Hospital

Critics say federal agency is where workplace COVID-19 complaints go to die

The complaints have poured in from Florida work sites since the start of the pandemic.

From a Miami prison where staff allegedly weren’t provided proper protective equipment. From a whistleblower at a Panhandle plasma donation center where employees who were visibly sick and awaiting COVID-19 test results allegedly still came into work. From a hospital where nurses treating a patient allegedly weren’t told the patient was COVID-positive.

The complaints go to the federal Occupational Health and Safety Administration, which dutifully maintains a list of the alleged infractions. But it’s unclear how much action is being taken.

OSHA, charged with enforcing health and safety in the American workplace, has received more than 6,000 complaints nationwide about unsafe work conditions related to COVID-19. And yet, on June 9, Labor Secretary Eugene Scalia told lawmakers that OSHA, which his department oversees, had issued just one citation related to the coronavirus — to a

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You can’t reopen Florida schools when thousands of children are infected with COVID

In a blunt and candid response delivered in the midst of a recharged coronavirus crisis sweeping through Florida, Miami-Dade’s Superintendent of Schools confessed that he can’t “guarantee” social distancing when schools open in the fall.

Of course he can’t.

Kids will be kids — and Miami-Dade’s school district is the fourth-largest in the nation.

That’s a heady combination.

Crowded halls. Crowded classrooms. Crowded cafeterias.

“Part of the [reopening] plan relies on increased social distancing, but we cannot guarantee six feet of distance,” Alberto Carvalho said during a virtual School Board meeting to vote on an opening plan for the fall that — thankfully — gives parents options.

Because the times aren’t right for a return to campus at all.

The hot summer months were supposed to bring less coronavirus infection, but the complete opposite has happened. Florida is seeing record numbers of coronavirus cases — not only in the 18-34

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B.C. premier concerned about Americans stopping in the province, 87 per cent of COVID-19 cases in Ontario have recovered

Yahoo News Canada is committed to providing our readers with the most accurate and recent information on all things coronavirus. We know things change quickly, including some possible information in this story. For the latest on COVID-19, we encourage our readers to consult online resources like Canada’s public health website, World Health Organization, as well as our own Yahoo Canada homepage.

As cases of COVID-19 continue to spread around the world, Canadians seem to be increasingly concerned about their health and safety

Currently, there are more than 102,000 confirmed coronavirus cases in Canada and more than 8,500 deaths.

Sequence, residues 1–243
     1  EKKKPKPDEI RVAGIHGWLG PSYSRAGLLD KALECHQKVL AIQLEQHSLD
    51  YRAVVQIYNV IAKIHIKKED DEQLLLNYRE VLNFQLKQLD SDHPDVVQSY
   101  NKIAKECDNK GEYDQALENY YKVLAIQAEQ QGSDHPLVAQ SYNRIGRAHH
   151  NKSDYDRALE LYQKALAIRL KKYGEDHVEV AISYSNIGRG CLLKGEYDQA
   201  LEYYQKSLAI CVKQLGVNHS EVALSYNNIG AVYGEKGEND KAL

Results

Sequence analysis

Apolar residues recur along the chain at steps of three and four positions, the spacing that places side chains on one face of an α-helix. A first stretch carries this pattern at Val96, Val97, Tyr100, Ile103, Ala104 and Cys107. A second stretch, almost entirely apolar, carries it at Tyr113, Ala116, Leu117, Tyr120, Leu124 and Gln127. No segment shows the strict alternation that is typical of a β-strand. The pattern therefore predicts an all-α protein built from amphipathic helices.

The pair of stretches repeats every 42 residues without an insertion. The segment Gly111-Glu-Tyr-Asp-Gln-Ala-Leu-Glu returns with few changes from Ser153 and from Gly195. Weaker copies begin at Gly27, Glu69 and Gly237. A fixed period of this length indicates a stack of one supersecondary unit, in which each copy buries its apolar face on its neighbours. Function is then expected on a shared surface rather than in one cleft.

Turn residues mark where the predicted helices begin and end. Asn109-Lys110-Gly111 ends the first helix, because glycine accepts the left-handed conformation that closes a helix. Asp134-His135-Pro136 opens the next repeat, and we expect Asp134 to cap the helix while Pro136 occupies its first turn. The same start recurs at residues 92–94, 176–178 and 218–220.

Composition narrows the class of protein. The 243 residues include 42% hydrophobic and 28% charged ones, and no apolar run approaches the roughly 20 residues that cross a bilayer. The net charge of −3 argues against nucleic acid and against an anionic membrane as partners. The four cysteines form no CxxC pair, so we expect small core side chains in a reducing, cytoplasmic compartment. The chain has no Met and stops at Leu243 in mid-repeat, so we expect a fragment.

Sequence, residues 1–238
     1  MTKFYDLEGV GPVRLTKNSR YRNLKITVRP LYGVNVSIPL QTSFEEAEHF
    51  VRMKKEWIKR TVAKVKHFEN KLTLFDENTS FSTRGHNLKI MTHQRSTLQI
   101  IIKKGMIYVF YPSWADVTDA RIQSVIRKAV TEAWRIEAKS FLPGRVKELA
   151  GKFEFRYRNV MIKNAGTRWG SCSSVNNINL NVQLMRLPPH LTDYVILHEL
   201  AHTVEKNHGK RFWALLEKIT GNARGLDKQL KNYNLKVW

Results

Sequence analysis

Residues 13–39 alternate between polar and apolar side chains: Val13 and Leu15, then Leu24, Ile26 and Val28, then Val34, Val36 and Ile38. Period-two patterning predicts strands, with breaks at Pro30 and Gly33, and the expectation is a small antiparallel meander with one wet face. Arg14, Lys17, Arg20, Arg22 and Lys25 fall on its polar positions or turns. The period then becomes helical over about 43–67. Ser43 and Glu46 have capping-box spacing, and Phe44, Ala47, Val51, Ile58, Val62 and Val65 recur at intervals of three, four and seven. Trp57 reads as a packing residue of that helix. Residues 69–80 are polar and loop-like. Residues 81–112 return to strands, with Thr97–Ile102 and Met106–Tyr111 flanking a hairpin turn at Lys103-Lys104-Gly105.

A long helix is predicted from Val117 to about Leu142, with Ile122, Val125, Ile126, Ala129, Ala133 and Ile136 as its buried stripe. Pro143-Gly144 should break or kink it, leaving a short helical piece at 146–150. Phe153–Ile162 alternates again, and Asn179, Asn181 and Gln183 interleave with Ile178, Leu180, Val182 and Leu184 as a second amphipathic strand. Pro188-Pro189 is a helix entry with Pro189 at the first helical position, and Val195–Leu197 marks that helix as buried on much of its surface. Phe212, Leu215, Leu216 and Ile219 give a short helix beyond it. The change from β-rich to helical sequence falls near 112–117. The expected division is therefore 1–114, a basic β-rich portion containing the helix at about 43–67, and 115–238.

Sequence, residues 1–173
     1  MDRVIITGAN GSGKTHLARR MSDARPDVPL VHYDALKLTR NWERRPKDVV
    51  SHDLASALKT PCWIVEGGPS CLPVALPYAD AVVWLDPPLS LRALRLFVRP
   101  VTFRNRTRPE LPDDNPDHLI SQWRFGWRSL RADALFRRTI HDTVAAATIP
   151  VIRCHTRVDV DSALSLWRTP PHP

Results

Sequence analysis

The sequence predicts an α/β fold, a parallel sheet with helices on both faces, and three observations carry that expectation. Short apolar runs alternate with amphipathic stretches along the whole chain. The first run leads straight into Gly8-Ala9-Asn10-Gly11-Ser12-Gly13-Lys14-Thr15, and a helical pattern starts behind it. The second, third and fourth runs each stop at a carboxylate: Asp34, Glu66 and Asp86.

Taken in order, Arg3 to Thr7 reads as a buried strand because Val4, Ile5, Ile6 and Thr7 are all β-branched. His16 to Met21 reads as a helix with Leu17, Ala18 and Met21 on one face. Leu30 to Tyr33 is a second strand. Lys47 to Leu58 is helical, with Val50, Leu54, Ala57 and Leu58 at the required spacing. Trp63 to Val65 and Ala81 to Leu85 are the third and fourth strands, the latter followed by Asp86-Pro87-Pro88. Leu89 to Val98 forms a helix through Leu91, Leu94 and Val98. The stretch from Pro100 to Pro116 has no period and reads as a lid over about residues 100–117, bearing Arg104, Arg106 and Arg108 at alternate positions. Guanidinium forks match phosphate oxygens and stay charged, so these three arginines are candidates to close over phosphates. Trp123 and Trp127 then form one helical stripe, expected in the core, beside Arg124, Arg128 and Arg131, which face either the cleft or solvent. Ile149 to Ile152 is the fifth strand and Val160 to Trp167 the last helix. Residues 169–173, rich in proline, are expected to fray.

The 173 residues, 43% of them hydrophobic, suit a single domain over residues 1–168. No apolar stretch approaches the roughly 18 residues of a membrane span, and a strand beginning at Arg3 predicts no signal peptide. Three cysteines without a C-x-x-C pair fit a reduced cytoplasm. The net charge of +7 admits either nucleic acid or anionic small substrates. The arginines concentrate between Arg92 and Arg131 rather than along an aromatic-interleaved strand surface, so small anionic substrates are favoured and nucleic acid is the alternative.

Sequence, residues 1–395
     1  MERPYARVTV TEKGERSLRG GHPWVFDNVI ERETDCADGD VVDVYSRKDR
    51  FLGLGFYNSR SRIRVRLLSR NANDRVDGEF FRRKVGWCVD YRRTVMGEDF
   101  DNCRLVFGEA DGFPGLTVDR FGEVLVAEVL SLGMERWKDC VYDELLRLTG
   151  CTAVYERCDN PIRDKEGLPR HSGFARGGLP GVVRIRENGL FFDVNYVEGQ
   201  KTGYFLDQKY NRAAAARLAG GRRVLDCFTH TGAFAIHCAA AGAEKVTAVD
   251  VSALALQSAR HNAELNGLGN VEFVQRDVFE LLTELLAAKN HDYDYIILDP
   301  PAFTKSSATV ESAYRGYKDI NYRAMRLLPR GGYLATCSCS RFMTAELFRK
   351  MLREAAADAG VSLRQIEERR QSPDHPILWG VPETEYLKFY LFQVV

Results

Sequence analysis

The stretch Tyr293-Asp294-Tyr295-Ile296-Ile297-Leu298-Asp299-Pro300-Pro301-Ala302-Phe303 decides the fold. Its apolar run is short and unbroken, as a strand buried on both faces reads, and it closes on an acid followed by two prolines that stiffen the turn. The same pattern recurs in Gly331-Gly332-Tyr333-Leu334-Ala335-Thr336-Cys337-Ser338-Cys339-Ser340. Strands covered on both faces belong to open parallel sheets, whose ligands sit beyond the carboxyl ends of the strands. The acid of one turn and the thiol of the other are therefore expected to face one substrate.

Check back for the latest updates on the coronavirus outbreak in Canada.

For a full archive of the first month of the pandemic, please check our archive of events.

July 2

6:50 p.m.: Three flights to Vancouver flagged for possible COVID-19 exposure

The B.C. Centre for Disease Control is

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While vaccines contain human DNA, there is no link to cancer, autism

The claim: A number of vaccines contain human DNA, and the FDA has acknowledged that residual human DNA has the potential to cause cancer or change your genetic code

As scientists race to find a vaccine for COVID-19, mixed information regarding the safety of vaccines is spreading rapidly online.

In an Instagram post, Weston A. Price Foundation shared a photo displaying a quote that says the FDA has “acknowledged that residual human DNA has the potential to cause cancer or to change one’s genetic code.” The quote is attributed to Kendall Nelson, producer of the film “The Greater Good,” which explores the pros and cons of vaccination in the U.S.

The caption states a number of vaccines contain traces of human DNA. The DNA, the foundation wrote, comes from the lung tissue of “a healthy fourteen-week-old aborted Caucasian male fetus” and that spikes in autism in the 1980s and ’90s

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Florida Keys see a daily record for COVID-19 cases and 1 new death. What happens now?

The Florida Keys on Thursday had one new COVID-19-related death and set a daily record for the number of cases reported, as the island chain braces for an influx of tourists for the long Fourth of July weekend.

The Keys reported 26 additional cases of the deadly disease, according to the Florida Department of Health, for a total of 296 cases. Five people along the island chain have died from the virus.

The person who died this week was a 67-year-old man who had “underlying chronic conditions,” according to the health department. It wasn’t immediately known where he had lived in the Keys.

On May 31, the day before the Keys took down two highway checkpoints to keep out visitors, the region had 108 known cases.

Florida also set a new daily record Thursday with 10,109 new cases. The statewide total is 169,106.

“Basically, I shudder,” said Dr. Jack Norris,

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As coronavirus surge continues, L.A. unveils color-coded system to assess infection risk